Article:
3. Be an encouragement. Send a funny get-well card or an inspiring note. Drop off a humorous video or suggest praying together before you leave. Using discretion, you might want to let others know about the ill person’s indisposition so they can possibly help out, too.

4. Be willing to listen. Sometimes those facing a serious problem like cancer, especially when a terminal diagnosis has been given, may simply want to reminisce about the past, discuss future plans, or share difficult emotions. Just being available to listen in person, by telephone, or via the Internet can provide a beautiful source of support. Don’t push or pry, however. Wait until the person is ready to talk.

5. If the situation warrants, consider donating financial support. A single mother with two fatherless children may need to get connected to social service agencies. Or she may have some general support already, but lack a little extra money for holidays or birthdays. You may want to send a card with a $20 check that could help pay for special occasions or real needs, needs, like medication, above and beyond any insurance coverage.

6. Provide transportation. If the person grows weak or is unable to drive and family members work at jobs that keep them from driving the sufferer to appointments, ask if you can take the person when you are available. Getting around is one of the greatest challenges facing people who become immobile with serious illnesses.

Whatever your circumstances, chances are you can offer some kind of help to a person who is struggling with cancer. It will certainly be appreciated!

For more information about helping someone who has cancer or to get help for a loved one or yourself, visit Cancer Directory at www.cancerdir.com

Article Source: EzineArticles.com/?expert=Charles_Kassotis

When someone you know has cancer

May 3, 2006 by  
Filed under CANCER

Great Advice!

DON’T BE AFRAID TO ADDRESS ISSUE DIRECTLY, DOCTOR SAYS …

If someone close to you has cancer, it’s often hard to know what to say or do. Dr. Richard J. Shaw of Lucile Salter Packard Children’s Hospital at Stanford offers these tips to help make the situation more comfortable for everyone involved:

• Instead of simply telling someone who has cancer to “get well soon,” or “stay strong,” ask them how they feel, whether they want to talk about their experiences, and how you can help them.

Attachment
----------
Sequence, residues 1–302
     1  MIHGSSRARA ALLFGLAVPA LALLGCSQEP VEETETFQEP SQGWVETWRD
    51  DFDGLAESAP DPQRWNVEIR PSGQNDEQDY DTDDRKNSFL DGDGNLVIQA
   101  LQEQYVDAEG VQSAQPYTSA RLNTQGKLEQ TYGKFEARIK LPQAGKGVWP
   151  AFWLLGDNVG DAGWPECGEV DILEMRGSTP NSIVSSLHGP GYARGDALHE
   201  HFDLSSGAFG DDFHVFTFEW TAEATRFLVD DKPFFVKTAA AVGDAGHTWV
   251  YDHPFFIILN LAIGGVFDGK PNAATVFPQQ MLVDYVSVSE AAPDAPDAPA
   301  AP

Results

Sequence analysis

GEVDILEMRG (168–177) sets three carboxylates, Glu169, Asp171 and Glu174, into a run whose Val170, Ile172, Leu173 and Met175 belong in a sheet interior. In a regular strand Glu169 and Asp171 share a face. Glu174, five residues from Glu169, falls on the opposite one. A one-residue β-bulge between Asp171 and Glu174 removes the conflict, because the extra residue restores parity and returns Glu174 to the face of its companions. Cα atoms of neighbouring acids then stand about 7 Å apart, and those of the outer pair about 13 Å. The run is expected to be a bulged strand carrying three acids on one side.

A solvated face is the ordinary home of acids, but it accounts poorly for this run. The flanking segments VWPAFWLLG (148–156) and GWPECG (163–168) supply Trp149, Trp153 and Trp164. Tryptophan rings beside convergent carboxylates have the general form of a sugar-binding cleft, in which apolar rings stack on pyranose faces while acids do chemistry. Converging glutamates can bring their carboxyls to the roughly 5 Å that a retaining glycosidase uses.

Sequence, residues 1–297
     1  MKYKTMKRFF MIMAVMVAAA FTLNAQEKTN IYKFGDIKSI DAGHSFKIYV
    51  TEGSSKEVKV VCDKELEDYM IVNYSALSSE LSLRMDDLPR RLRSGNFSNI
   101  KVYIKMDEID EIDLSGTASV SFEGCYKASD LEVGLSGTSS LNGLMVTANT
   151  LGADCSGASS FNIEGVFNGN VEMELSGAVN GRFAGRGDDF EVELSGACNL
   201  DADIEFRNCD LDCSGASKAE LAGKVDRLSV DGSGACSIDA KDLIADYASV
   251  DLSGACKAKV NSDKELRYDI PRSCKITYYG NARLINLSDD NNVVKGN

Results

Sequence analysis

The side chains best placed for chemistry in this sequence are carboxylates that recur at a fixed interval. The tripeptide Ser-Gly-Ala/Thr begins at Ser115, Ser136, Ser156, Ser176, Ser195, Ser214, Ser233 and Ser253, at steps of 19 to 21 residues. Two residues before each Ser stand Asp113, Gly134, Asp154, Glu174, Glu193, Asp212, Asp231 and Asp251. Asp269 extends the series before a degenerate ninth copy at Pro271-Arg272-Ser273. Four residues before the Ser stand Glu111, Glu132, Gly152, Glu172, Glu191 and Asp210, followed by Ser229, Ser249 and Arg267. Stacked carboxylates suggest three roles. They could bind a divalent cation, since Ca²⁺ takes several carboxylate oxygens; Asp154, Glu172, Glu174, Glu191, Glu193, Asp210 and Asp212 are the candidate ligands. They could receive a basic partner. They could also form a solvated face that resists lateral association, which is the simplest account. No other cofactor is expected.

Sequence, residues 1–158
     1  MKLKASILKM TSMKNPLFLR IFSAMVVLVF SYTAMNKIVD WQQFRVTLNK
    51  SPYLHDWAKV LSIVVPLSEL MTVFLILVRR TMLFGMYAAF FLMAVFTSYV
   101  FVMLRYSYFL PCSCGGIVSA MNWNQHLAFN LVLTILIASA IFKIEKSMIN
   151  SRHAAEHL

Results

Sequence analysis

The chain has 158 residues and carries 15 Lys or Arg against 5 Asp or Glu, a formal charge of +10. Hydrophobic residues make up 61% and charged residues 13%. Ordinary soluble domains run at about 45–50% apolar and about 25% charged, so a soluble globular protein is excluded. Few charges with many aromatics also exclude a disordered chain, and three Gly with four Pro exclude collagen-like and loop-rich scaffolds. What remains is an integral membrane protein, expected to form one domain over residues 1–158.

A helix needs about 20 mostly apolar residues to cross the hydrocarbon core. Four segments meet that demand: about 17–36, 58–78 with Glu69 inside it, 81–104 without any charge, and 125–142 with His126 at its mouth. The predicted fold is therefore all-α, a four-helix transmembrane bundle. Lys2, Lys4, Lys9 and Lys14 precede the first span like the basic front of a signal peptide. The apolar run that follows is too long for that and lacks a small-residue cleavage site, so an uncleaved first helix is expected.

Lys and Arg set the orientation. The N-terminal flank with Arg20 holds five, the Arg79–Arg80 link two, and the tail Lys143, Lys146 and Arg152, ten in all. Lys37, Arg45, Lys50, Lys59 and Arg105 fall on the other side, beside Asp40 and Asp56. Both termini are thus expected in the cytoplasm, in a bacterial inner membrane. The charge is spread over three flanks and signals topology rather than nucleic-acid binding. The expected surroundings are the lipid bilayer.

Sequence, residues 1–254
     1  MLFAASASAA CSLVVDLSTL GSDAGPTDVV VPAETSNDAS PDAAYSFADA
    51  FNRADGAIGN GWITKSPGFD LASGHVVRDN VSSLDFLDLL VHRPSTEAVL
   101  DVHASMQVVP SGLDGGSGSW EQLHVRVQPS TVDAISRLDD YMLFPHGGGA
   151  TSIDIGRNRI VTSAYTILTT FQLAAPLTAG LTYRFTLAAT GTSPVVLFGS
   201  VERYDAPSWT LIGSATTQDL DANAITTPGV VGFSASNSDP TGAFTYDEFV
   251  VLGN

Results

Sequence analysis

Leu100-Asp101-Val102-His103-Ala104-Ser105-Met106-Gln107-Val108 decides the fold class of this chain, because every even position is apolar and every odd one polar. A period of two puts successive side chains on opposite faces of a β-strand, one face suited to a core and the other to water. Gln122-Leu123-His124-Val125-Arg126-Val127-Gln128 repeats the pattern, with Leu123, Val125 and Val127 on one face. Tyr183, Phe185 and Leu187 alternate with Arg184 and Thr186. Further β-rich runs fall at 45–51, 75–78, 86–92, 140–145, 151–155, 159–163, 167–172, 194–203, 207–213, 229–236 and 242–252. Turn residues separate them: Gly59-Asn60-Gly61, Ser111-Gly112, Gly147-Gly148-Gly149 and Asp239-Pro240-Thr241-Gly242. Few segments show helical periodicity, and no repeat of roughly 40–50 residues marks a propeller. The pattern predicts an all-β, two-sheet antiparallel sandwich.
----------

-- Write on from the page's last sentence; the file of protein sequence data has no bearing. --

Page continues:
• Don’t be afraid to talk about your own feelings, but try to do so calmly. You don’t want the patient to have to console you.

• The disease is not a forbidden discussion topic. Don’t be afraid to say the word “cancer” and directly address the issue when talking to someone who has it. To most patients, it’s a relief to talk to someone who is comfortable with the topic.

• There can be a lot of secrecy surrounding the disease, and that often affects families. Shaw suggests that families see therapists together and that parents should include all family members in discussions so other children do not feel left out or worried about their sibling.

• Both the cancer patient and his or her family should look into support groups. Shaw said that some patients (and their family members) don’t want to share all the details of their experience because they don’t want to burden the person with whom they are speaking. However, group sessions with people who have had similar experiences often help.

— Lena Wong,

Mountain View High School

[SOURCE: MercuryNews.com | 04/25/2006 | When someone you know has cancer

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NOTE: The contents in this blog are for informational purposes only, and should not be construed as medical advice, diagnosis, treatment or a substitute for professional care. Always seek the advice of your physician or other qualified health professional before making changes to any existing treatment or program. Some of the information presented in this blog may already be out of date.